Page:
The differences between restrictions, suspensions and revocations are important to understand.
A restricted driver's license limits driving privileges. A suspension is a temporary loss of a driver's license for a certain time period. Revocation is a permanent loss of driving privileges.
The Secretary of State can restrict, suspend or revoke driver's licenses for multiple reasons. Common grounds include:
Other reasons include:
Importantly, suspension and revocations are treated differently when it comes to hardship appeals in the circuit court. The hardship appeal permits the petitioner to request a restricted license so that, for example, he or she may drive to and from work. Suspensions are appealable on hardship grounds to the circuit court.
Revocations are a different story. Revocations from arrests before October 1, 1999 are appealable to the circuit court; revocations after that date are not appealable. In other words, an arrest for driving while license revoked after October 1, 1999 is not appealable on hardship grounds – one must wait out the revocation period and then seek a driver's license.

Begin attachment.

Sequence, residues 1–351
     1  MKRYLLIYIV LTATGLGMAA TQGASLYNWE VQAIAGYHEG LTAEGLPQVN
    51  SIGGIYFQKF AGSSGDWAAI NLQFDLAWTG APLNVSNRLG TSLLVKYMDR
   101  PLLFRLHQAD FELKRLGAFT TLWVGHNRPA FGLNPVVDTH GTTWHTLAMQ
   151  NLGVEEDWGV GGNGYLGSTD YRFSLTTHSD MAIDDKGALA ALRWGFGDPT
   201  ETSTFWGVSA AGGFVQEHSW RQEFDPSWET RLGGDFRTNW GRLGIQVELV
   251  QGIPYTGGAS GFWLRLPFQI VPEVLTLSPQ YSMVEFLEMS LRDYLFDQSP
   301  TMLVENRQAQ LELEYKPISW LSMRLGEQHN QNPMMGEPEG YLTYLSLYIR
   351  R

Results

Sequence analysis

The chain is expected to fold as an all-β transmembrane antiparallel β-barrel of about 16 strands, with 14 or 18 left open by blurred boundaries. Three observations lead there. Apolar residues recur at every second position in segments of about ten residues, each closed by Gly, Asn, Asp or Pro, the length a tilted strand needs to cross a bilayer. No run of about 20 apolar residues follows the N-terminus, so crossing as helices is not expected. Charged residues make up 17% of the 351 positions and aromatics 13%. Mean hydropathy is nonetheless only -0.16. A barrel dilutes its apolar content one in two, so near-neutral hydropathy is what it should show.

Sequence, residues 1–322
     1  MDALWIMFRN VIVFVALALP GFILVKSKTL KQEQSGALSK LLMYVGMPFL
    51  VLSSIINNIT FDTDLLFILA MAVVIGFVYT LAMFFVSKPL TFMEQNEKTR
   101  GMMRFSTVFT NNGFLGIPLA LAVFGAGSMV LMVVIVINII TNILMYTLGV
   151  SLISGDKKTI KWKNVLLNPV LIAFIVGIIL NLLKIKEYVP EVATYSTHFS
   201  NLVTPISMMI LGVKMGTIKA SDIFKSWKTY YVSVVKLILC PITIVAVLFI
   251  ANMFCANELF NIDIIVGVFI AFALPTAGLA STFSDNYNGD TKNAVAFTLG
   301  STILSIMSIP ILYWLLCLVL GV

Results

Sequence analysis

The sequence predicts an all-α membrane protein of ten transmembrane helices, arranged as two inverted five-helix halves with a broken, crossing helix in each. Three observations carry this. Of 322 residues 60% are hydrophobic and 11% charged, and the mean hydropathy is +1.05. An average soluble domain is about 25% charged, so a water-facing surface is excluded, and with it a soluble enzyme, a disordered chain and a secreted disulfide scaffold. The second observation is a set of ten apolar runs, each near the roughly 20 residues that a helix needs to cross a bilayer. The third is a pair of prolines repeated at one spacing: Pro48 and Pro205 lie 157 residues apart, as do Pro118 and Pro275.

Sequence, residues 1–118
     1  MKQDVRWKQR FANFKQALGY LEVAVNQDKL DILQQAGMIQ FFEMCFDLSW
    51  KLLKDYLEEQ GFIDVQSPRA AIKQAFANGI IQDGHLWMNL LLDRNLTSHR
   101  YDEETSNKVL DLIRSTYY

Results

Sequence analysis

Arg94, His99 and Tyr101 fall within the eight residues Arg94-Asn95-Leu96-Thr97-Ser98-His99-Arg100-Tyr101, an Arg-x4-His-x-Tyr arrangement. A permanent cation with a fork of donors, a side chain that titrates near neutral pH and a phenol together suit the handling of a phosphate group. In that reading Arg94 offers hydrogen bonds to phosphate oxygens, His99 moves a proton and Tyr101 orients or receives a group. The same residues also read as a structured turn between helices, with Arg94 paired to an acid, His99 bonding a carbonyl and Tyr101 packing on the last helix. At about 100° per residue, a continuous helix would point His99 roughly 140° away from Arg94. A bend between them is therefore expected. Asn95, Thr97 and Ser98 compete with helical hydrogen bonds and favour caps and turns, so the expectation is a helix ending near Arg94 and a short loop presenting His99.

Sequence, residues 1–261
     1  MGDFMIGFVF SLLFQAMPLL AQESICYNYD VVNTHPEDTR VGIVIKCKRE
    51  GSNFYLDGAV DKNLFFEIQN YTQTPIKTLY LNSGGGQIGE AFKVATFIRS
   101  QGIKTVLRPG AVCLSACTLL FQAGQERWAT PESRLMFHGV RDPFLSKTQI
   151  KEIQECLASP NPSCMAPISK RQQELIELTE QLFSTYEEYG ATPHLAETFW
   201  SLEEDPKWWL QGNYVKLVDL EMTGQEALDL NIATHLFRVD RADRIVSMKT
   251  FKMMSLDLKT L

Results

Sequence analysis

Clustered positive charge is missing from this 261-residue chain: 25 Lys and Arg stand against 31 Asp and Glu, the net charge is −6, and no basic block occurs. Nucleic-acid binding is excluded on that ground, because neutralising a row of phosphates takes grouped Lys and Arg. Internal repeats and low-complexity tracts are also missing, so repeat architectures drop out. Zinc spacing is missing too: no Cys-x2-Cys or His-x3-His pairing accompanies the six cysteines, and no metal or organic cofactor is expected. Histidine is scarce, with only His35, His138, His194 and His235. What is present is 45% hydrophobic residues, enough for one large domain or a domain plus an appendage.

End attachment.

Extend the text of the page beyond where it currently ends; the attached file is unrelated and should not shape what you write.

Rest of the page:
Thus, the distinctions between revocations and suspensions are important. There are more options for relief with a suspension than a revocation. Get the assistance of a driver's license reinstatement attorney in determining your best course of action.
About Attorney Mark Langschied
Need help with Michigan driver's license restoration? As a southeast Michigan attorney for 20 years, I will bring my background, experience and determination to argue your Michigan drivers license reinstatement case.